I’m making a video on how to make Julia feel nice to use, and I make a few claims about what is and isn’t “standard”. I’m curious to see how other people use Julia to get some statistics on what the community views as normal and what is more advanced or niche.
The survey is super short (only 1 compulsory section) and is anonymous and doesn’t collect identifiable data.
Thanks to all who fill it out!
There’s no question about notebook-style approaches (eg jupyter/literate), but looks good!
That’s a good point. I’m so used to the script + REPL experience that I forgot about notebooks!
Edit: Added a question on literate programming.
On the literate programming question: I use org-mode notebooks.
Another literate programming suggestion is Quarto, especially for those who have a background in R and knitr.
And here are the results:
Almost all respondents (consciously) use
Revise, with the next most common being
JuliaFormatter, and then very surprisingly
By far the most common way to use Julia is from inside an editor/IDE using local packages. Scripting is fairly common, and (in the discourse userbase, see below for demographics) literate programming is not so common.
In the “describe your workflow in more detail” part, quite a few people mentioned Vim, Emacs, or Sublime with a code runner that sends lines to an external REPL/terminal window, usually with a splitscreen tmux setup.
Finally, hot damn y’all are Julia addicts. Luckily, this survey is not supposed to be a representative sample of how Julia is used, only of how more experienced, package developer-leaning members use Julia, which is how I view Discourse and Slack.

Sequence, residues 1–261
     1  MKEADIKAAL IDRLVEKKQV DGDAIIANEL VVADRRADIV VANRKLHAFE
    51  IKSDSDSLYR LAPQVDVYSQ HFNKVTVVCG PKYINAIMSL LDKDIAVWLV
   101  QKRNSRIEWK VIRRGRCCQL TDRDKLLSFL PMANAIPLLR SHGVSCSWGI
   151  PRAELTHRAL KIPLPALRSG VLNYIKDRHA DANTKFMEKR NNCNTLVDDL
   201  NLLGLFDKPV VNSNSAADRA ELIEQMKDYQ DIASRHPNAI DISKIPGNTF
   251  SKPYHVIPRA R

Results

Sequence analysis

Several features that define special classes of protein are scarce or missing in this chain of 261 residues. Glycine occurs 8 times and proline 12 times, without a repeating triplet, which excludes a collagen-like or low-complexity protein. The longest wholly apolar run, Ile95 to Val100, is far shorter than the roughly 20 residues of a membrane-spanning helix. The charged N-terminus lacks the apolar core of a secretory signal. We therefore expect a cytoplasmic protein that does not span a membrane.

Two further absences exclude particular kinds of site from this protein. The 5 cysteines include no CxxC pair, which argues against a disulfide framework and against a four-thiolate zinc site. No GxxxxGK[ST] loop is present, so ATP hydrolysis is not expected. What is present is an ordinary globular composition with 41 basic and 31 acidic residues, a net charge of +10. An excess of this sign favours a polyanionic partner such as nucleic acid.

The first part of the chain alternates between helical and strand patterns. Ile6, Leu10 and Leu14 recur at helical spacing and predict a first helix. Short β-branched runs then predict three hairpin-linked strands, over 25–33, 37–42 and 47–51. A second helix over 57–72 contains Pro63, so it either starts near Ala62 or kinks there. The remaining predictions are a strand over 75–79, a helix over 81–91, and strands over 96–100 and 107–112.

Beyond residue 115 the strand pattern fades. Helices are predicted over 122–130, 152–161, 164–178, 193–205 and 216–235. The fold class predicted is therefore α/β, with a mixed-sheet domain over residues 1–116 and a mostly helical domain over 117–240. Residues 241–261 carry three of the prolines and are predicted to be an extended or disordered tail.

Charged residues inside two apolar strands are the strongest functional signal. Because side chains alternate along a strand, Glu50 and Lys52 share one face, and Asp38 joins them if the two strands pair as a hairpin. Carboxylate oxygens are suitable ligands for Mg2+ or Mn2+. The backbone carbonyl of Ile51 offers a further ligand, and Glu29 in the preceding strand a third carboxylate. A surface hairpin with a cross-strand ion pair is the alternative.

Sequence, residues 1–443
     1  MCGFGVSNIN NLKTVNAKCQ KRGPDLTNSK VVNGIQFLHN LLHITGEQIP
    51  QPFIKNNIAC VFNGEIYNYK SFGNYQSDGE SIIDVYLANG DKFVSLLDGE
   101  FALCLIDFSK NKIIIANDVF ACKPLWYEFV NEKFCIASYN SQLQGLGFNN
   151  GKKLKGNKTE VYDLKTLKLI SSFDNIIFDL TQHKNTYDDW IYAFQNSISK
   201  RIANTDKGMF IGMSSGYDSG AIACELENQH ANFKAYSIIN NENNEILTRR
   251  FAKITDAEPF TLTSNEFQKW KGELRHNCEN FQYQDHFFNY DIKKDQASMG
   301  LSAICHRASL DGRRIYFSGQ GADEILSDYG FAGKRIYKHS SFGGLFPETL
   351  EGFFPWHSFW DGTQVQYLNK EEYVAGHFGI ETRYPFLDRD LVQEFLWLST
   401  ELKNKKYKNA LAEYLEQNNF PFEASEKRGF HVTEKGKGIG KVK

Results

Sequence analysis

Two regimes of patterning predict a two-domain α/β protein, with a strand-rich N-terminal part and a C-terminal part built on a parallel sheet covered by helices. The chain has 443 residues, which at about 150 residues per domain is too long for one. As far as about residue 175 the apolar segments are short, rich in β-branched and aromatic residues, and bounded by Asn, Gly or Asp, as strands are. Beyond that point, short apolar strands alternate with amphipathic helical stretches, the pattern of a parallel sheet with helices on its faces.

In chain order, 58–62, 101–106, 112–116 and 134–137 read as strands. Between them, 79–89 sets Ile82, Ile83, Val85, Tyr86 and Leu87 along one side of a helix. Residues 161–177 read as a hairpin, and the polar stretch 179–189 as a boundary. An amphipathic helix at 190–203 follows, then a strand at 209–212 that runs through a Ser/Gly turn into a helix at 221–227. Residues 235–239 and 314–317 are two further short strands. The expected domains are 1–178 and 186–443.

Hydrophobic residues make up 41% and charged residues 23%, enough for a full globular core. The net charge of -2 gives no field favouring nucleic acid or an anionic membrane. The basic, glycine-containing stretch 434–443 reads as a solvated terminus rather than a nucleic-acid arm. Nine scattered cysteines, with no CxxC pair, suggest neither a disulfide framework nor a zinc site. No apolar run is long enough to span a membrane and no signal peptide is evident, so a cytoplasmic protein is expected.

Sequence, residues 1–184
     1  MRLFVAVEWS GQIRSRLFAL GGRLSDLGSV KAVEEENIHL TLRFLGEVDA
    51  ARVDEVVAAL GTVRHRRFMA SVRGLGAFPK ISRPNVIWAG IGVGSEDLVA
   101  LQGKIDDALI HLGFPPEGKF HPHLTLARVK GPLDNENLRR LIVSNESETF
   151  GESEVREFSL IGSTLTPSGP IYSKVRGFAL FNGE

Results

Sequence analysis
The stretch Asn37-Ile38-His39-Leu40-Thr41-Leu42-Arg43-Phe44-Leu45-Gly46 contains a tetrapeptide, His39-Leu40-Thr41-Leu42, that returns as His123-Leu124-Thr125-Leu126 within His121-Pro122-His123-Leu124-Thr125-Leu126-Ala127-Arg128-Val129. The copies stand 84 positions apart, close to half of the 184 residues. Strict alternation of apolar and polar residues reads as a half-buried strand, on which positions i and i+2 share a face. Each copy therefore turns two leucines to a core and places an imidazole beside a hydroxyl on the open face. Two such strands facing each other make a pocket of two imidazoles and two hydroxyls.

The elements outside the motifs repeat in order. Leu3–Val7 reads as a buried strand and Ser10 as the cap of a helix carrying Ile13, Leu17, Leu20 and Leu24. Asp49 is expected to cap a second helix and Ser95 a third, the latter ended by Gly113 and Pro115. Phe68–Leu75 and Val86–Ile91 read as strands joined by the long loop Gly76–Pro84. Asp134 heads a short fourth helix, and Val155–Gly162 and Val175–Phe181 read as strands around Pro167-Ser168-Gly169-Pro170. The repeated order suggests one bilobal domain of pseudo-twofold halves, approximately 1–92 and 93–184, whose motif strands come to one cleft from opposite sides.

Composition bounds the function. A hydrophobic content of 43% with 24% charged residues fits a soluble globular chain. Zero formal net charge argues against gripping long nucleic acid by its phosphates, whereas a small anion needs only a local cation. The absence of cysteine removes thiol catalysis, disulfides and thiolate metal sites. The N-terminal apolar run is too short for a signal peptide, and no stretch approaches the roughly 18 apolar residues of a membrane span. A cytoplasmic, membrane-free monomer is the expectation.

I’m sorry I didn’t respond to the survey, life just gets in the way sometimes Self-reference is not normally suitable, but I did recently mention the topic:
Did Modular just reinvent Julia?
I’d be curious to know how exactly people are using LocalRegistry in their workflow. Is it only for teams or also single developers find it useful?
LocalRegistry primarily as a solo developer and find it very useful. The main use-case is so private package A can depend on private package B.
The killer feature, vs just doing
dev /path/to/PackageB is the support for versioning. Rather than depending on a specific state of the files on my filesystem for Package B,
LocalRegistry creates a versioned snapshot so that Package A can work in a fully reproducible way, regardless of what changes with package B.
It allows me to use packages in GH CI when they are not in the general registry. For example: I have package A depending on package B and neither is in the general registry. I want to run CI on A. I use LocalRegistry to manage a registry, also available as a GH repo and package B is registered there.
There may be another way to do it. But this works for me. (I had to search pretty hard for the magic incantation in the CI script that uses the “local” registry.
Do you have an example of this one can look at in a public repo? Thanks.
Having a personal registry gives nice advantages whenever you have at least a few packages you own and develop. Compared to General, advantages include convenience in registration (just from your Julia REPL!), and immediate registration of both new packages and versions (no delay, call
register() and it’s already there).
It’d be great to have this documented (maybe in 7. Registries · Pkg.jl ?).
For single developers, like me, it also quite useful. I have many private repos which have complicated dependency relations. To install them properly and smoothly, I found
LocalRegistry.jl is a must-have tool!